“I walked 3 uphill miles in the snow to get to school!” Many of us have heard these tales, but in my Dad’s case, it was true. I recently visited the site of his long, meandering, nature-filled path to and from elementary school. And the stories of his scholarly treks were infused with mischief, adventure, and at the end, one giant appetite. But these days, fewer kids use their feet to get to class.
The other day I shared a news story via twiiter and facebook about a study showing that fewer Canadian children use physical activity as a means of getting to school. According to the study (by Roman Pabayo and published in the journal Pediatrics), trends in walking and biking patterns weren’t simply about personal choice but were associated with space, urban planning, socioeconomic status and even single parenthood.
Our modes of daily commuting impact more than childhood memories and are linked to child health (See “Urban Planning is a Health Issue” by Dr. David Mowat) . For example, a 3-year study by the Clinical Institute of Evaluative Sciences , of 41 Toronto neighbourhoods, found that neighbourhood walkabilty and activity-friendliness were associated with lower diabetes rates, especially in lower income neighbourhoods .
Many of you wrote in to highlight some great programs happening in Canada that are working to support happy, leg-fueled journeys to school. I have shared some of them below and invite more discussion on the relationship between the built environment and children’s health.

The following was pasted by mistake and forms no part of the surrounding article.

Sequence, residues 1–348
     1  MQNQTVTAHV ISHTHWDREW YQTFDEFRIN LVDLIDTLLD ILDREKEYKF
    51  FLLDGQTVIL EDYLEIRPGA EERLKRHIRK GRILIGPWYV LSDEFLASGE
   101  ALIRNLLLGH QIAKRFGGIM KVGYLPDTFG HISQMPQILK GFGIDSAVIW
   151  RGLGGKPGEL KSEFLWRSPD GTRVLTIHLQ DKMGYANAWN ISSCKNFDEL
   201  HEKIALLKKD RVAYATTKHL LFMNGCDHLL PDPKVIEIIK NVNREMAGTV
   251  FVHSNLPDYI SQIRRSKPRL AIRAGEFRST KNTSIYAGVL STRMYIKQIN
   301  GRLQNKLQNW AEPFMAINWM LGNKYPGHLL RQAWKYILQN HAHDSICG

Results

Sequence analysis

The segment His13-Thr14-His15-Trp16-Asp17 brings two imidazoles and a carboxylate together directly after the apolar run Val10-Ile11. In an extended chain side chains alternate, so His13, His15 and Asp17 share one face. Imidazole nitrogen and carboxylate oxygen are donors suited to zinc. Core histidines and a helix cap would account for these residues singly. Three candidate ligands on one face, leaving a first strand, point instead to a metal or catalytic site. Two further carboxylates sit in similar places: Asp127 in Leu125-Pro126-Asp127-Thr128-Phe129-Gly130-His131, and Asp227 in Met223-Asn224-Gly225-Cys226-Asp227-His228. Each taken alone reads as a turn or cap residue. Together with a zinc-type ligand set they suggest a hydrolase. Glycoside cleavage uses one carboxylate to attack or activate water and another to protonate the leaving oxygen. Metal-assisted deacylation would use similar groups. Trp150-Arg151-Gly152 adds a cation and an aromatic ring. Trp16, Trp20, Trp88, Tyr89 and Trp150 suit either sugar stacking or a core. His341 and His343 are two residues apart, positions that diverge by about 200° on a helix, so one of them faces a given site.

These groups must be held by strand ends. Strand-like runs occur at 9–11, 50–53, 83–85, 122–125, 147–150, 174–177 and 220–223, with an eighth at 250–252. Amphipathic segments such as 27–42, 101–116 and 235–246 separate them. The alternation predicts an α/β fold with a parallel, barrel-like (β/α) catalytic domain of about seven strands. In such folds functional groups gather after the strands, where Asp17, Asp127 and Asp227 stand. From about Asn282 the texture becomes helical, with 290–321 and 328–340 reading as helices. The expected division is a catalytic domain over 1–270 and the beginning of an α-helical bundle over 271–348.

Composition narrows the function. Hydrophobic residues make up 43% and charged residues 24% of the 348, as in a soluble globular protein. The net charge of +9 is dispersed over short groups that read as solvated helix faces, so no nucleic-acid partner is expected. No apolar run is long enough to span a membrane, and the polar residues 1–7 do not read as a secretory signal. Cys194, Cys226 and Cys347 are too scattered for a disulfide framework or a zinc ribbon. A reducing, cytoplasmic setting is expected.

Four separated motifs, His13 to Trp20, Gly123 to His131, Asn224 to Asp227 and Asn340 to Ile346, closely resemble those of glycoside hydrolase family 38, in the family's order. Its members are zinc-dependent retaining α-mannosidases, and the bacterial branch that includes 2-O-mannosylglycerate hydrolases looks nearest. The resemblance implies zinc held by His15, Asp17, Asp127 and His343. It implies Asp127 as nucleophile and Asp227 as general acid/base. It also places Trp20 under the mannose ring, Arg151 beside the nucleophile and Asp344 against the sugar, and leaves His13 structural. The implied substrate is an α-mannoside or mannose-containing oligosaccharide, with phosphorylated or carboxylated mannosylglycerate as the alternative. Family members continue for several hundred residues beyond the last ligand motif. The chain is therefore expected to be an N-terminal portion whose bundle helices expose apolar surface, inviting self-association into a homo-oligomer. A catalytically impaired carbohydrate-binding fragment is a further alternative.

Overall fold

Children’s Mobility, Health and Happiness: a Canadian School Travel Planning Model
A 27-month project funded through the Canadian Partnership Against Cancer’s CLASP (Coalitions Linking Action and Science for Prevention) initiative and the Public Health Agency of Canada began in January of 2010. This project will expand School Travel Planning across Canada, amplify work with the University of Toronto on links between School Travel Planning and the built environment, and introduce and apply Cape Breton University’s ground-breaking research into the links between active transportation, sustainable happiness, education and health. This funding will allow 120 schools across the country to participate in the STP process, beginning in the 2010-11 school year.
Stepping It Up
Stepping it Up, a Metrolinx pilot project, is now underway in Hamilton and the Region of Peel. Up to 30 Hamilton and Peel Region elementary schools will be involved in the pilot, which is supported by Transport Canada’s ecoMOBILITY program. Additional expertise and support is provided by Green Communities Canada and the University of Toronto.
School Travel Planning Research in Canada
In 2006, Green Communities Canada conducted extensive international research into School Travel Planning, culminating in a report called Review of International School Travel Planning Best Practices. This research was supported by Transport Canada’s Moving on Sustainable Transportation (MOST) initiative and it informed the Canadian pilot test (funded by the Public Health Agency of Canada) that established best practices in Canada and set the foundation for current projects across the nation. In March 2010, Green Communities Canada updated the international best practices document, with funding support from Metrolinx and Transport Canada’s ecoMOBILITY program:
- Review of International School Travel Planning Best Practices – 2010 (Adobe PDF)
- Canadian School Travel Planning Pilot Test Final Report (Adobe PDF)